LivingWell Cancer Resource Center expanding as needs grow
BY LINDA GIRARDI For Sun-Times Media
Blueprint for cancer care: Architect Mike Elliott from Kluber (left), Living Well Cancer Resource Center Executive Director Nancy Vance and Darren Thibert for Shales McNutt look at the blueprints for the new LivingWell Cancer Resource Center on Williamsburg Aveue in Geneva. The new center opens May 4 and will feature free programs for people suffering from cancer. | Mary Compton~For Sun-Times Media
By The Numbers
People the LivingWell Cancer Resource Center has served since its inception.
Supportive care programs offered on- and off-site
Volunteers the center has. Many of them work in the medical profession.
Nancy Vance doesn’t just go to work — she lives her passion.
Her passion is inspired by the hope and optimism of cancer patients, cancer survivors and their families who have walked through the doors of Geneva’s LivingWell Cancer Resource Center seeking encouragement, knowledge and support.
“We feel their fear and uncertainty and to be able to empower them, and give them the hope and tools to get through a journey with cancer — and to walk beside them in their journey — is a privilege and honor,” said Vance, Executive Director of LivingWell Cancer Resource Center.
LivingWell is a community-based, non-profit center that opened in 2005 in Geneva, with the vision of providing wellness, support and educational services for individuals and entire families.
Vance said because of great medical advancements people are living longer with cancer. But previously there was no one to walk beside cancer patients and help them navigate some of the psychological-social issues associated with the disease.
The needs vary from individual counseling and caregiver support groups to finding the words to explain to a child that their mother has cancer.
Vance said statistics show half of all men and one-third of all women will get a cancer diagnosis in a lifetime.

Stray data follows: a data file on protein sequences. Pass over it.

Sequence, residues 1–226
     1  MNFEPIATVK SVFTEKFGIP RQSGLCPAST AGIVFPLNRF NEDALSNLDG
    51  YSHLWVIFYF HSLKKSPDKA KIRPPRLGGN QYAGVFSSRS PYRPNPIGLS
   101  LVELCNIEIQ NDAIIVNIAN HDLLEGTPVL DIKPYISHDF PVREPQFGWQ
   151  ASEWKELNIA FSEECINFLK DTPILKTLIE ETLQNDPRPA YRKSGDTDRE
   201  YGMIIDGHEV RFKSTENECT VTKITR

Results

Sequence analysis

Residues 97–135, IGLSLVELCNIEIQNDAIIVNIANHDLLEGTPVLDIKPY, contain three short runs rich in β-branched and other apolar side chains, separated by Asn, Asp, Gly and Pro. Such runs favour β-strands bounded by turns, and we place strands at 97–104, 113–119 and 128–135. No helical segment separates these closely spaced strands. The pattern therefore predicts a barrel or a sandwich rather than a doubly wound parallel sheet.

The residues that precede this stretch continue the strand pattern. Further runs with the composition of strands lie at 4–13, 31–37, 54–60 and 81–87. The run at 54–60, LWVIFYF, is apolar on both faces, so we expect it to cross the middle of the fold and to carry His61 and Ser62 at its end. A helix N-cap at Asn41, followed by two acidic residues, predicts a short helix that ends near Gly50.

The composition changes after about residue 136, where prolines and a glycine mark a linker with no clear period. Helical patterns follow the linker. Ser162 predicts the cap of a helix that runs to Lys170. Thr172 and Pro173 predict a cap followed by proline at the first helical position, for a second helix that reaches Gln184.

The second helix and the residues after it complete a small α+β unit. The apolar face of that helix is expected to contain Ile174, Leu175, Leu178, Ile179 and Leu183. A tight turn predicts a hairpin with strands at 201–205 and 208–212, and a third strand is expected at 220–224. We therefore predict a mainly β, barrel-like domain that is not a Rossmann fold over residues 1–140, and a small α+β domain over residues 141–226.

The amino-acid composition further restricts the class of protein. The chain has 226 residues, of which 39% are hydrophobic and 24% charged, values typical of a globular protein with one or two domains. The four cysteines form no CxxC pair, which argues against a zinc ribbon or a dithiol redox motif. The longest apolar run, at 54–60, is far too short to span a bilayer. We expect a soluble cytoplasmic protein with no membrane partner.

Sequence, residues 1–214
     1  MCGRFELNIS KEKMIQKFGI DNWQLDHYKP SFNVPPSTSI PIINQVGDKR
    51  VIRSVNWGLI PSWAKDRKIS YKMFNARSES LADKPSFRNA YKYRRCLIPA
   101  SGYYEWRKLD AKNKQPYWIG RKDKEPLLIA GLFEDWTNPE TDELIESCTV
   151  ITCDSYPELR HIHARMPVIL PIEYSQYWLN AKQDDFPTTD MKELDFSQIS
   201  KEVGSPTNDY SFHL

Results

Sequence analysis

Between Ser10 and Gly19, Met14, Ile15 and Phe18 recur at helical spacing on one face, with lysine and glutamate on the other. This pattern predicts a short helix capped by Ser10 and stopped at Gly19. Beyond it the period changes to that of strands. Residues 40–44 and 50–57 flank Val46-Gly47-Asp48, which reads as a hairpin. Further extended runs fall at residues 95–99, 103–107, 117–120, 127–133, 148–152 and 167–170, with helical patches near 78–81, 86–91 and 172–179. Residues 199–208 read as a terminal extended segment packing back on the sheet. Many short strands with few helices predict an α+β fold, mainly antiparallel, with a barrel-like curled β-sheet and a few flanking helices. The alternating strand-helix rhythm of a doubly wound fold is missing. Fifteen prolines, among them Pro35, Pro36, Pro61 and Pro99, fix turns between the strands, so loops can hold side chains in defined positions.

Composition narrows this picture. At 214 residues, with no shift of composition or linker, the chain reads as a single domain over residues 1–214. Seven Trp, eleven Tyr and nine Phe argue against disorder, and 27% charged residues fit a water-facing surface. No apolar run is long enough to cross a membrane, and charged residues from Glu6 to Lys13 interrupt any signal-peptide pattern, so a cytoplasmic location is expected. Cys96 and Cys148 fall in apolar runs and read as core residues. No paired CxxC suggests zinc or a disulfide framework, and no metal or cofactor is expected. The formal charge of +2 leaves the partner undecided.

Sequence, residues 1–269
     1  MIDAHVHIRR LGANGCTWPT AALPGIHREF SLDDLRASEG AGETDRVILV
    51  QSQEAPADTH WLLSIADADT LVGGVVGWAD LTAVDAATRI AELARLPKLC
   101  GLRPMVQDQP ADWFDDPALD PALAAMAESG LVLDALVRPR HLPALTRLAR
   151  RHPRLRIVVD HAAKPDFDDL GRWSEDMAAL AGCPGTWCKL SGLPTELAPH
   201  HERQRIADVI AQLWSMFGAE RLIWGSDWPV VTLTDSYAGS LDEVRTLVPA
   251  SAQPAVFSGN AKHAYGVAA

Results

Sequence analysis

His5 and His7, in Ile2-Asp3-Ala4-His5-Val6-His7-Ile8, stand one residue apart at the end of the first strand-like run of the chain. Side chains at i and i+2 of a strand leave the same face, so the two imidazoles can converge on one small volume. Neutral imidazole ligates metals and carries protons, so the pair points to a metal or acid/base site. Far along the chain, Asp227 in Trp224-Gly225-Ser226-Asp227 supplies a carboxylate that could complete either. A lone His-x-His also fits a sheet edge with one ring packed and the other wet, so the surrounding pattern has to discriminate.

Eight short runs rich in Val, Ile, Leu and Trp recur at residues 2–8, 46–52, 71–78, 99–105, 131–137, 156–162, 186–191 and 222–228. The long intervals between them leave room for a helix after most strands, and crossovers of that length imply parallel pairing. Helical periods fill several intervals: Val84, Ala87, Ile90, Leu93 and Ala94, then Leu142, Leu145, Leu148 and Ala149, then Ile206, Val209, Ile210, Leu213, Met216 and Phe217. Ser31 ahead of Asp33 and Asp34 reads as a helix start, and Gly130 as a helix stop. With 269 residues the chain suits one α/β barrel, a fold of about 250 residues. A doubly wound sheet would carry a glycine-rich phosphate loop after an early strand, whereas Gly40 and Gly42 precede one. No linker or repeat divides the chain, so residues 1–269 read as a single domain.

“It’s a grim reality,” she said, acknowledging she, too, has had cancer in her family.
“Everybody’s life changes with a cancer diagnosis — we help create a new normal,” she said.
LivingWell receives referrals from 19 hospitals and 26 medical oncology practices and it partners with the physicians to assist patients in their needs.
“It is holistic care,” she said.
Vance said LivingWell outpaced five-year projections in its first 18-months.
“Our footprint expands as the need expands,” she said.
The Delnor Health System in 2010 provided a $4.1 million gift for the construction of a new facility located at the intersection of West State Street and Williamsburg Avenue in Geneva. Individual donors and board members provided the additional $1.5 million that was needed to complete the project. The new facility will open May 4.
“I am humbled by the success and I am extraordinarily pleased we have become an exemplary cancer resource center,” said Nancy Hansen, LivingWell founding board member and lung cancer survivor.
“For Nancy, it’s not just a job. She has built a fantastic staff that works as a team — they share her passion,” Hansen said.
Hansen said during her recovery she found there were no support services for her or her family members.
“It was almost 28 years ago at a time when lung cancer was a death sentence,” Hansen said.
Hansen’s vision was to find a way to give back to the cancer community.
Ruth Rank, a breast cancer survivor, said before she came to LivingWell she had hit a “brick wall” in her recovery when faced with the “fear of reoccurrence.”
“Cancer is a lonely and terrifying journey,” she said. “Even the word wafts fear. Living and navigating the journey is treacherous to one’s soul. It is easy to get lost and become overwhelmed with feelings of despair and hopelessness. I found help that enabled me to regain my footing and move forward with hope and confidence,” Rank said.
“We are fortunate to have such a wonderful resource in our area,” she said.
“It is daunting when you first receive the diagnosis,” said Jim Powell, a prostate cancer survivor.
He said he has found mind and body healing through the fellowship he’s experienced in yoga and other therapeutic classes.
“Everyone in some way is touched by cancer — if you have a bad day, you can talk about it,” Powell said.
Vance said a father of four young children arrived at LivingWell a couple of weeks ago because his wife had been diagnosed with a stage 4 cancer.
“He needed help to tell his children that their mom has cancer,” Vance said.
“He handed our office manager his insurance card and credit card, but we told him everything we do is free of charge and he broke down in tears,” Vance said.
Vance said LivingWell has been blessed with “incredible” community support. Two fundraisers are held each year for the center’s $1.2 million operating budget.
“Cancer patients and their families face so much — the medical bills can be financially catastrophic and to be able to say we got it — no charge — is a great gift.”